“If I’m a ceo, my success has never been more dependent than it is now on low-wage individuals who have a lot of pressure and a lot of unexpected challenges,” Portell continued. “A ceo is watching — more like a school of fish and how do all the fish move together to make that school of fish faster. [The goal] is making employees feel like they are part of a brand. That inclusiveness, that environment where the team feels like they’re part of the solution, those companies are going to do better than those companies who just have employees. You’re trying to create connectivity and create a sense of ownership.”
After a year of blunt-force changes and decisive, often painful and dramatic moves to save even strong companies from the abyss, shaping a corporate culture and reading the tea leaves is going to require more nuance.
“If you’re watching an auto race, the casual fan is watching people go around in circles,” Portell said. “An astute observer is watching how the cars go into the turn. You want to watch the subtleties of the curve.”
That includes understanding how data is being collected and used, how the flow of goods back to the company in the form of customer returns is shaping the business and more.
Focusing in on what is most important to the consumer and in retail is all the more difficult given everything else that’s moving.
Futurist Edie Weiner, president and ceo of The Future Hunters, looked into her crystal ball and found plenty of other trends shaping what comes next. Her suggestions included:
• “Keep an eye on how to access medical care and health care with the doctor being the last resort as opposed to the first.”
• “Post COVID-19, we expect mental health, as a result of increased loneliness, helplessness, PTSD of first-line responders, dislocations and unemployment, will become even more of a factor in the health/medical arena.”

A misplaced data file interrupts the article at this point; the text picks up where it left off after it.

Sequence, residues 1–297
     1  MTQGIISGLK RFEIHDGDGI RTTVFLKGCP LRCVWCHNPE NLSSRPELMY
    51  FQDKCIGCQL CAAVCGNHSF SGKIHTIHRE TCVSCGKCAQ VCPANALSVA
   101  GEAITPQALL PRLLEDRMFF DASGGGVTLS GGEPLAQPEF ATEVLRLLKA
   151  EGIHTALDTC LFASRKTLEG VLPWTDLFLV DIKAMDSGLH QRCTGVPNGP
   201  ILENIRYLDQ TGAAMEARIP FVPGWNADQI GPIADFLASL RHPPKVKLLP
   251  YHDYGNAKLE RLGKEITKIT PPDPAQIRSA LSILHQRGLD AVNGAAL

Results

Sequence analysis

• “Many have left their apartments and commercial spaces in shuttered and underfunded cities/neighborhoods, going virtual or moving elsewhere. That has the potential of lowering rents, which could signal a potential for RE-regentrification.”
• “We may finally recognize that ‘cybersecurity’ is unachievable. We should have called it cyberINsecurity from the beginning, which would have made us construct, use and monitor all of our connectivity, personally, professionally and governmentally, with different processes and vigilance. Look for analogue products and services (from vintage disconnected cars, to demanding in-person appearances in lieu of virtual, to military back-up technology) to gain in popularity.”
• “Look to education, especially higher education, to transform into multiple, targeted and differentiated pricing and delivery models.”
• “Homelessness as a result of conflicts, poverty, mental health issues, climate change, de-incarceration and unemployment, will continue to plague much of the world, made much worse by COVID-19. Look for greatly heightened calls for rethinking and tackling the homelessness crisis.”
Multiply that by a thousand or a million and those are the issues competing for attention, in the C-suite and elsewhere.
Maybe the best anyone can do is to stay alert, pick a few and charge on.